American retirees, the next big business for Philippines


The United States experienced a rapid population growth after World War II with 78 million children born from 1946 to 1964.

All those children are now middle-aged or older. The first of the American baby boomers turned 65 on January 1, 2011. The boomers have started to retire at the statistical rate of 10,000 per day.

Yes, 10,000 per day!

This retirement phenomenon will continue for another 19 years. And

immediately in front of the boomers are more than 35 million already-retired American seniors.

Looking at closer neighbors, Japan has the highest proportion of elderly citizens with 21 percent over the age of 65.

The demographic projection for Japan is an increase to 25.6 percent by 2030. Taiwan’s elderly population is near 2.5 million, or 10.63 percent  out of 23.12 million.

South Korea has similar numbers.

According to data by Statistics Korea, the number of Koreans in the senior age group is 5.36 million, or 11 percent.

Chairman Mao Zedong, the founder of the People’s Republic of China, encouraged a high birth rate because he believed a large population would give China military and economic power.

The government later reversed the policy to one-child per couple. Some economists believe that China’s current prosperity can be partially attributed to the population bubble created by Chairman Mao. As their citizens begin to age, under the one-child policy, China will be confronting an enormous challenge. The eventual result, according to Dean Cheng, a research fellow at the Heritage Foundation, is the “4-2-1” phenomenon.

Four grandparents and two parents will be supported by one child.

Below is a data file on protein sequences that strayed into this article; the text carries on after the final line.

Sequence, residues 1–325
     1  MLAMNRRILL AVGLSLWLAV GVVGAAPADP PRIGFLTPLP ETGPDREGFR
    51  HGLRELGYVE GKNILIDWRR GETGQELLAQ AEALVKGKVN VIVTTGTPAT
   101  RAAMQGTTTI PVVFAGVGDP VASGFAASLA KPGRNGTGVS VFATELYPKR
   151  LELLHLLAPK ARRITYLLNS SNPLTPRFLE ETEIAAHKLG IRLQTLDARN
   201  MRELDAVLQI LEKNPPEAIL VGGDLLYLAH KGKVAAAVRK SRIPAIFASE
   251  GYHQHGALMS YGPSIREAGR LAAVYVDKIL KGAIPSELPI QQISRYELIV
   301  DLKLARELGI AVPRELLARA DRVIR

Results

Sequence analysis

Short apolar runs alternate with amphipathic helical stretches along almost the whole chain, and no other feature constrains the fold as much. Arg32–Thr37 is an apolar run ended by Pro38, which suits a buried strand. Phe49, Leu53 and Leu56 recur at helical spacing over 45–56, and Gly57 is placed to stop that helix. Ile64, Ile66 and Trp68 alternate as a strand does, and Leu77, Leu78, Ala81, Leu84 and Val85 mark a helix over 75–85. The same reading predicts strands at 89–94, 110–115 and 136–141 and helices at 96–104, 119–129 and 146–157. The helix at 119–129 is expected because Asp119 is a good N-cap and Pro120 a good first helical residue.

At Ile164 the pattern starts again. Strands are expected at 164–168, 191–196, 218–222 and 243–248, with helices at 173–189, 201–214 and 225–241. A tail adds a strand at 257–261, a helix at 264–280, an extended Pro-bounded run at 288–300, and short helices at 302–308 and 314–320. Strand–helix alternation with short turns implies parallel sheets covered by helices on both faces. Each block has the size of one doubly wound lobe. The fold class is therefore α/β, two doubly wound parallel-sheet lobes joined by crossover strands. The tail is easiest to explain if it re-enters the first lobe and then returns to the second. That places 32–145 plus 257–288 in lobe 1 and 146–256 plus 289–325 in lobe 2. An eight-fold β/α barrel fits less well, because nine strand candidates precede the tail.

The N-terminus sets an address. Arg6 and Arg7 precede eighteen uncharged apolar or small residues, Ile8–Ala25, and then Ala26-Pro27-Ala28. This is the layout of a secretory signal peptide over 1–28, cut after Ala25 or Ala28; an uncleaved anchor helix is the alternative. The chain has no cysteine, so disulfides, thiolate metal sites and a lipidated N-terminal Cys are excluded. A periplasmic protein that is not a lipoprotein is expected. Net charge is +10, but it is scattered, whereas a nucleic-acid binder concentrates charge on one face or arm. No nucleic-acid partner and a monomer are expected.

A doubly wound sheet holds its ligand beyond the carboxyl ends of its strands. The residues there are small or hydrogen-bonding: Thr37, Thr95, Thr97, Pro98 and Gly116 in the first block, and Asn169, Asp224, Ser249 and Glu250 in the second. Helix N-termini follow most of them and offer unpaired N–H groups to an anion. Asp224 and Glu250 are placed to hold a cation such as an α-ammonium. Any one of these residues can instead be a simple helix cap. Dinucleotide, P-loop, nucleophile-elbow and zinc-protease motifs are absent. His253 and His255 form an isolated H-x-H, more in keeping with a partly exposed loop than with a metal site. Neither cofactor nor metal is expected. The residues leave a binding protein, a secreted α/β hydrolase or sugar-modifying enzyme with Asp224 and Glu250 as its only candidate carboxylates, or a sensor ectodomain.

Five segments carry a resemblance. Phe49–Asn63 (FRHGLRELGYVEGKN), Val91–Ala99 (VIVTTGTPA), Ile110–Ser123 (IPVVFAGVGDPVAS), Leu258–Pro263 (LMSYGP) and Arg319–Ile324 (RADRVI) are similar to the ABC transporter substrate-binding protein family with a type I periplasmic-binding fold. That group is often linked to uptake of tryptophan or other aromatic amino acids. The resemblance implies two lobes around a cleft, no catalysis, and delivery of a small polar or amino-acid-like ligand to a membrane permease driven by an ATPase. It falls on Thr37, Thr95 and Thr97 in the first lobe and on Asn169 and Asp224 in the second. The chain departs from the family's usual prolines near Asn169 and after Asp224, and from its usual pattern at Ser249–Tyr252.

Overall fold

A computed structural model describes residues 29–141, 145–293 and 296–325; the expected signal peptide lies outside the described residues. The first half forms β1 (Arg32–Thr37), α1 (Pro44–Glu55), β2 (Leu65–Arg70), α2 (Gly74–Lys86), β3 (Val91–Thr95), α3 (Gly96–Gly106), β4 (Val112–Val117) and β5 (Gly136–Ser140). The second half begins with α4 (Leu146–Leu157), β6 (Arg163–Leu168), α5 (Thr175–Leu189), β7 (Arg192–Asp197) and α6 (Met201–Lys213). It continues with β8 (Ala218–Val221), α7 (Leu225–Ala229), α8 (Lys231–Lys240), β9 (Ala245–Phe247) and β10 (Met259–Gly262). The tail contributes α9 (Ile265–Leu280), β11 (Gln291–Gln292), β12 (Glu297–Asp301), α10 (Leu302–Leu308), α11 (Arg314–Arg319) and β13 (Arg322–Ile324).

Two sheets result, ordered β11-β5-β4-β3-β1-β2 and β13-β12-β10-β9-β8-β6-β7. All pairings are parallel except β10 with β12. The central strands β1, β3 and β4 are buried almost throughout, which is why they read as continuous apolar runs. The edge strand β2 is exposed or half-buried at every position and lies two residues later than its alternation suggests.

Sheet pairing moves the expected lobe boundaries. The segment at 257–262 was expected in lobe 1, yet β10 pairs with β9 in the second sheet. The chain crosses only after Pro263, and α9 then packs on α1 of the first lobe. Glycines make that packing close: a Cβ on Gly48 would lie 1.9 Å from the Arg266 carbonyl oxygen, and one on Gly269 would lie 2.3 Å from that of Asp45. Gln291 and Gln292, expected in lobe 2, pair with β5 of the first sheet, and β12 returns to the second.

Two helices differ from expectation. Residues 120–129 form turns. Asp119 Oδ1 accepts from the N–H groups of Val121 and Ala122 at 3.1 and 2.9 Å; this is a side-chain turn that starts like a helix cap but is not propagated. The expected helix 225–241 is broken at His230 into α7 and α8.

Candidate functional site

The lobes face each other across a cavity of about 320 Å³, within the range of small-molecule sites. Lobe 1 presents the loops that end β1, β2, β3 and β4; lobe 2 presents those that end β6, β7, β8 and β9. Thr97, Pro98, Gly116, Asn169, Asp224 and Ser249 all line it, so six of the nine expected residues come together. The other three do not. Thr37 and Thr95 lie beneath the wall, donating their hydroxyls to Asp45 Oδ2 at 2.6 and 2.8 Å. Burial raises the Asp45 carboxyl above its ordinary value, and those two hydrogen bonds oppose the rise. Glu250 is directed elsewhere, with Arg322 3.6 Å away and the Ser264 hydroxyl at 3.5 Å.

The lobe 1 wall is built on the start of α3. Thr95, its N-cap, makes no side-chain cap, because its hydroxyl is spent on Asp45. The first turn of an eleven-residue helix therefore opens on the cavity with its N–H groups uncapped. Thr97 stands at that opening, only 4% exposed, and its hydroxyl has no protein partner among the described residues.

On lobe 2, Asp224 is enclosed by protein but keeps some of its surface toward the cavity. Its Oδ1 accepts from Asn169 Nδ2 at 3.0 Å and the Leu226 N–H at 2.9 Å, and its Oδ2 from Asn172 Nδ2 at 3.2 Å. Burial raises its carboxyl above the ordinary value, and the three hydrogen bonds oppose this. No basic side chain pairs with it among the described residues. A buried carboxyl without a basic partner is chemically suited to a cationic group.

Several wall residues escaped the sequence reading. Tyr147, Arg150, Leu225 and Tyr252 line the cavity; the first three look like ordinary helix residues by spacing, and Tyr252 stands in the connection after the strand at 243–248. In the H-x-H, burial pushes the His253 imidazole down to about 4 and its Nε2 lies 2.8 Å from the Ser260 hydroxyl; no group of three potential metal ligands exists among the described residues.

The Philippine Retirement Authority (PRA) was created more than 25 years ago in 1985 by virtue of Executive Order No. 1037 signed by then President Ferdinand E. Marcos.

According to its website, “PRA is mandated to attract foreign nationals and former Filipino citizens to invest, reside and retire in the Philippines with the end-view of accelerating the socio-economic development of the country, contributing to the foreign currency reserve of the economy and by providing them the best quality of life in the most attractive package.”

With the large number of retirees in Asia and the US, why has the program experienced limited success? Although there are no official numbers published on its website, my understanding is only 30,000 Special Resident Retiree’s Visas (SRRVs) have been issued.

Most applicants are Chinese, followed by Koreans, Japanese and Americans.

By now, the Philippines should have retirement villages for Americans because English is widely spoken. Instead, Americans are going to Spanish-speaking Mexico.

US Census 2010 estimates approximately 2.5 million citizens and legal permanent residents of Philippine ancestry.

One nongovernment survey claims 200,000 Fil-Am senior citizens would really like to retire in the Philippines, but they won’t.

Unlike Social Security, which you can take anywhere, Medicare stops at the border. Fil-Ams are afraid to return home without medical insurance.  Another survey calculates that more than one million American seniors have homes in Mexico. The popularity of Mexico as a retirement destination is because you can simply cross the border back to the US for medical treatment.

The Fil-Am community is asking the federal government to make Medicare portable.

Fil-Am retirees would then have continued coverage under Medicare if they decide to return to the Philippines. While I am a strong supporter of the petition drive, the chances of a policy change are very slim. The American healthcare industry has a very powerful, well-financed lobby in Washington, DC. Any changes to Medicare will be contrary to their business interest.

To attract American retirees, the PRA, which is under the Department of Tourism, needs to partner with the Department of Health and offer medical insurance comparable to Medicare. It could be a program similar to PhilHealth, but instead of P100 to P750 in monthly premiums, American retirees might pay P4,000, provided the quality of medical care is commensurate to paying a higher premium.